Three chlorine gas attacks in Iraq are reported to have killed eight people and left hundreds injured, including six US troops. There were at least three such attacks in Iraq in February. The BBC's Hugh Sykes, in Baghdad, describes the use of the gas as an unsettling and possibly ominous development that could greatly increase fear and anxiety. 'Vomiting' The heaviest casualties were in a suicide attack on Friday evening at the entrance to a housing estate south of Falluja in which six people were reported to have been killed. The injured included at least 27 children. Officials say that in both attacks the assailants drove dumper trucks containing the bombs at their targets. One of the trucks is reported to have contained a 200 gallon (900 litre) tank of chlorine and explosives. The third attack was at a checkpoint near Ramadi."Approximately 350 Iraqi civilians and six coalition force members were treated for chlorine gas exposure," Lt Roger Hollenbeck of the US-led forces based near Ramadi said, AFP news agency reported. He said that victims were treated locally "for symptoms ranging from minor skin and lung irritation to vomiting".It seems that the chlorine is added to increase anxiety and panic. Minor skin and lung irritation means that it is used as a psychological weapon. The pic from WWI shows a real gas attack.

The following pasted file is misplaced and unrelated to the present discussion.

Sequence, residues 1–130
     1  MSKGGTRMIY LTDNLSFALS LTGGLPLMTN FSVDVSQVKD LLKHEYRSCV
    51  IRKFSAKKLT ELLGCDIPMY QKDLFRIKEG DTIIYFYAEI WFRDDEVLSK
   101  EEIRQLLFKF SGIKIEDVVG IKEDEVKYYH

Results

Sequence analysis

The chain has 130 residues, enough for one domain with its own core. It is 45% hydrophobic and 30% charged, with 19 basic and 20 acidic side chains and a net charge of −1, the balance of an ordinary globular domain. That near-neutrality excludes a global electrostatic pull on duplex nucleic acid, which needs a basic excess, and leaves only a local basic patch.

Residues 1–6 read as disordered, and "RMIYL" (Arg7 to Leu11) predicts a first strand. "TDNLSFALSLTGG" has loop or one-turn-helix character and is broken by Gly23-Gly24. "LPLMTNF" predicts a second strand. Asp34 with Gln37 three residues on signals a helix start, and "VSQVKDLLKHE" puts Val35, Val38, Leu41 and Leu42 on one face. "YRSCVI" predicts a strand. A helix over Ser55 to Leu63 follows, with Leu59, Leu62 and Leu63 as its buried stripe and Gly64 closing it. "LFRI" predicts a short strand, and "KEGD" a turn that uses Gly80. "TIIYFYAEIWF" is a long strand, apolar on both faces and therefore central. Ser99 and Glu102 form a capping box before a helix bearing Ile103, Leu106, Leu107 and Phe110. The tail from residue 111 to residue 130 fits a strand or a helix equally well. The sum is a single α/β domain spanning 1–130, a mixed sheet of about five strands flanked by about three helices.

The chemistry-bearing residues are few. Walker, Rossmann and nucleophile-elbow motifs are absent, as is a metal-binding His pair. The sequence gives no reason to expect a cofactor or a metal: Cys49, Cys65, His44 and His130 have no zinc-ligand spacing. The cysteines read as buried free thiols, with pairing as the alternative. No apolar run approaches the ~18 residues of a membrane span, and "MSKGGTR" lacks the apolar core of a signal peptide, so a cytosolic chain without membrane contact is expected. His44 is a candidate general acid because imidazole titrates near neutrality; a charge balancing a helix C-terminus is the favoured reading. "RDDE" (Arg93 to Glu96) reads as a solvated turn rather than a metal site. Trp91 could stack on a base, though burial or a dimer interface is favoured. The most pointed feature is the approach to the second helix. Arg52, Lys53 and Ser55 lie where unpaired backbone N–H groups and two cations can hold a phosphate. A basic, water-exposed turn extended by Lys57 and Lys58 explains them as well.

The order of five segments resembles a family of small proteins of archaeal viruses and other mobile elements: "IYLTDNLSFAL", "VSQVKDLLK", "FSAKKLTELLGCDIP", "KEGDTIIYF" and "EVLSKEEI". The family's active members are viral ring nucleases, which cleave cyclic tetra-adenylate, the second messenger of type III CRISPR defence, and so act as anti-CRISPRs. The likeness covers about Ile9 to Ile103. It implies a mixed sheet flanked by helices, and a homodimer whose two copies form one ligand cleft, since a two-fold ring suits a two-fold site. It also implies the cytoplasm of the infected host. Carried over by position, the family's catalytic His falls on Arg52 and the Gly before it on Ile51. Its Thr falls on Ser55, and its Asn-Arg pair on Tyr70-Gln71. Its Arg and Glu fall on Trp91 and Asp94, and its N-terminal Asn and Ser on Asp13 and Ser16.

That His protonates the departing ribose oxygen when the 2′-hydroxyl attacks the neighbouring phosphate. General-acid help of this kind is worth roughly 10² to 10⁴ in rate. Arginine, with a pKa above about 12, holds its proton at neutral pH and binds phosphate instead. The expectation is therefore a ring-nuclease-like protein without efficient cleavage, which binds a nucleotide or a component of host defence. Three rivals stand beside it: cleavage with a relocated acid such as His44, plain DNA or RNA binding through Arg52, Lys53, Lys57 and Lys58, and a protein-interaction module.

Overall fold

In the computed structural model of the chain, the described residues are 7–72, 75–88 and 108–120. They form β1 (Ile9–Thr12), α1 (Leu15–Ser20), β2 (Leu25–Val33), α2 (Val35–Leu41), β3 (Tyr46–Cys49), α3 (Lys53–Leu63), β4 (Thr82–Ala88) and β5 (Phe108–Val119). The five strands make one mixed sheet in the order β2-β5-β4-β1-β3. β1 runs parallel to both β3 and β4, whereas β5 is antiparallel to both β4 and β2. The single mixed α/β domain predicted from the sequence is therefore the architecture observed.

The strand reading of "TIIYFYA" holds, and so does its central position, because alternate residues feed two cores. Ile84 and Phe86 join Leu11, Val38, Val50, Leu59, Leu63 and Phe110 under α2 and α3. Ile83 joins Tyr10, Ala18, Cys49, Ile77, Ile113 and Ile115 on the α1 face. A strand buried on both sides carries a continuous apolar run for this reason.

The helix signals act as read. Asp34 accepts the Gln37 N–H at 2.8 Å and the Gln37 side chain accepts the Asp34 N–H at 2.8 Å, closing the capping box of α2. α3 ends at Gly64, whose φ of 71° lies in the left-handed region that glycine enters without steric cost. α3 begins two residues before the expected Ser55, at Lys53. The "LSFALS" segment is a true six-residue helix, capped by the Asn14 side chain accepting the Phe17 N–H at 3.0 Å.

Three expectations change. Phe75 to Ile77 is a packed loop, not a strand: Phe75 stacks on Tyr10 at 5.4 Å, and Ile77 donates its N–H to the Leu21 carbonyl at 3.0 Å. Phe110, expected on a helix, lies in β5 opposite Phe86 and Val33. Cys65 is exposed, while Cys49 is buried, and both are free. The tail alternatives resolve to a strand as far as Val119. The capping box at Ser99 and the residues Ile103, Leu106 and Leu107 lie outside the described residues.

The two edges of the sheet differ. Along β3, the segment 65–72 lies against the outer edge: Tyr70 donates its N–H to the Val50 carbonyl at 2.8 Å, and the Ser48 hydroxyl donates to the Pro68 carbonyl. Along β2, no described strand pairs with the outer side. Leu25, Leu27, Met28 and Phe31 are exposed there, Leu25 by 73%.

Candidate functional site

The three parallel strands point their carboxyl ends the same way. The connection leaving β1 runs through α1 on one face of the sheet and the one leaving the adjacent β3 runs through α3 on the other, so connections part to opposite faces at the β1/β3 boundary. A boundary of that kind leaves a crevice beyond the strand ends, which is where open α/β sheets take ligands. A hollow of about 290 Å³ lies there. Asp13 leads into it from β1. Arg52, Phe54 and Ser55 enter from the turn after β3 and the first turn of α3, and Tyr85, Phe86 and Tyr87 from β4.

Our correspondent says that chlorine is easy to obtain as it is widely used as a cleaner and a water purifier. After an explosion outside a restaurant near Baghdad last month, as well as the six people killed, dozens of others were left coughing and choking and needing medical treatment. In February the United States military reported finding a bomb factory near Falluja, where chlorine car bombs were being constructed.
Thursday, March 22, 2007
Chlorine Gas Bomb
Chlorine comes in strong steel containers, and it is difficult to make it explode. The valve will be first destroyed and the liquid will vaporize and the gas flow out dispersing in the wind. A violent explosion is the worst way of using liquid chlorine as a weapon, I wonder why the Iraqis are doing it. Maybe they love the noise and the fire effect.